Game 3 of the 2005 World Series is one of the more memorable in recent memory. The Chicago White Sox defeated the Houston Astros in 14 innings. The pitching staff’s were stretched so thin that Mark Buehrle — who had started Game 2 in Chicago two days earlier, picked up the save.
In the years that have passed, a rumor has persisted that Buehrle might have had a few drinks. Ahead of having his number retired by the White Sox, Buehrle penned a piece for The Players’ Tribune to address the rumor.
“The thing a lot of people talk about with that one is this rumor that I drank a few beers before I got the save in our Game 3 victory,” Buehrle wrote. “There’s been some stuff that’s come out on that topic, but I feel like you all should really hear it straight from the horse’s mouth. So, here goes….In short: Yeah, sure, O.K. fine, so I had a few. I can admit to that.”
So, how many did Buehrle drink? “It was only like three beers….Max.”
Well, there you have it.
Starting pitchers who are not pitching on the given day are really separate entities from the team. On occasion, they can be called on to pinch run or even pinch hit (especially in National League stadiums) but in reality, this is not that rare.
Still, though, it’s fortunate that it worked out for Buehrle. If anything, it adds to his charm 12 years later. For an idea on how much of a double standard can be in place for incidents like this, we needn’t look beyond the Boston Red Sox.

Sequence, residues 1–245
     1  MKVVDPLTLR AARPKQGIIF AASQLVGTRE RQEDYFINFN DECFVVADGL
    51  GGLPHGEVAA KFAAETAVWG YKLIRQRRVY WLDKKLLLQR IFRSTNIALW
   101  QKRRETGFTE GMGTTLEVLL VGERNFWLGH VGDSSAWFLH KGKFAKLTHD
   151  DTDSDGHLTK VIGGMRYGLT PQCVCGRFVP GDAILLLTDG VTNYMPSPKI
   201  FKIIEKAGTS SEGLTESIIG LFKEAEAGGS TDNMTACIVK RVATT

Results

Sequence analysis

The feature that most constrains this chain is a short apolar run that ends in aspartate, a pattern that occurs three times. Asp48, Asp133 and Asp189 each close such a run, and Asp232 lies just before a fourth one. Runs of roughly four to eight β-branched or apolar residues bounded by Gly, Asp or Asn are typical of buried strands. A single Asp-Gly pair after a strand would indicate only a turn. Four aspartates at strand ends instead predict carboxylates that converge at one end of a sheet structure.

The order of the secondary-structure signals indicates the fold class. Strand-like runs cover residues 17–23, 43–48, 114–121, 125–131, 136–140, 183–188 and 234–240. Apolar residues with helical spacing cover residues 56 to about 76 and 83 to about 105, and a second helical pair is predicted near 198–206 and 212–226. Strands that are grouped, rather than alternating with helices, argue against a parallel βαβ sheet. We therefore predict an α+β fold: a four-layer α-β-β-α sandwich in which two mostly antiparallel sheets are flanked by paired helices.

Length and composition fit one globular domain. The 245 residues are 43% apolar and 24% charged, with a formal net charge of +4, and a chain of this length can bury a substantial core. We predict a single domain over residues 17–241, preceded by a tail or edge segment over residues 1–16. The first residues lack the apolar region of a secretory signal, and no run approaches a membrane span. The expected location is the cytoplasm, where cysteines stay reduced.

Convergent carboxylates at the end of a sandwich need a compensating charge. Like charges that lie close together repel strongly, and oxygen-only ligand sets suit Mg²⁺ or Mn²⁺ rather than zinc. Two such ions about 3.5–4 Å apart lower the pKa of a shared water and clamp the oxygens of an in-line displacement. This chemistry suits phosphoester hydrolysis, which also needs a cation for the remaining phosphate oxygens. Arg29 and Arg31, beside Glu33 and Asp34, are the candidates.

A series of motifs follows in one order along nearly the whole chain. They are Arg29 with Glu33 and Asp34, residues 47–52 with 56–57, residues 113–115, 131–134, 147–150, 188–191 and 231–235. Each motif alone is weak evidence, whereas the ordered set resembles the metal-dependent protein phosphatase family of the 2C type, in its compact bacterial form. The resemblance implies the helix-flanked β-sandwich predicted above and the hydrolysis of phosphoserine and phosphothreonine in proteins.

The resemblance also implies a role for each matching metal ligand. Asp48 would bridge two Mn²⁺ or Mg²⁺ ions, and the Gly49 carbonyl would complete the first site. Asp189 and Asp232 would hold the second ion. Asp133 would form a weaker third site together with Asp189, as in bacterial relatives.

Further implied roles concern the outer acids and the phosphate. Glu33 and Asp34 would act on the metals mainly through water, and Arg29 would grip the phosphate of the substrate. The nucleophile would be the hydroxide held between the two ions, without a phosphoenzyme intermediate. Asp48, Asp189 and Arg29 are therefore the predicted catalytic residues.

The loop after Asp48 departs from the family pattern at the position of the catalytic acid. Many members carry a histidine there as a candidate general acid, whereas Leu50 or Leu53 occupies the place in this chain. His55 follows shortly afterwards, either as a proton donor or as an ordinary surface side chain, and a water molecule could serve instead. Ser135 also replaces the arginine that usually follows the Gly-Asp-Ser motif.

After the Red Sox came back to win the 2004 ALCS and eventually, the World Series, it was revealed that members of the team took shots before games. That was generally covered positively, as a way to prove how loose Boston’s players were as they were facing a monumental uphill task.
Seven years later, the Red Sox missed the playoffs after experiencing one of the biggest chokes in recent baseball history. It was revealed that some of the starting pitchers would have chicken and beer in the clubhouse during games when they were not starting. That contributed to a mass exodus in Boston and was not treated like a positive — far from it.
Fortunately for Buehrle, it worked out okay. He saved Game 3 and the next day, the White Sox won their first (and to date, only) World Series since 1917. All’s well that ends well and for Chicago, 2005 ended very well.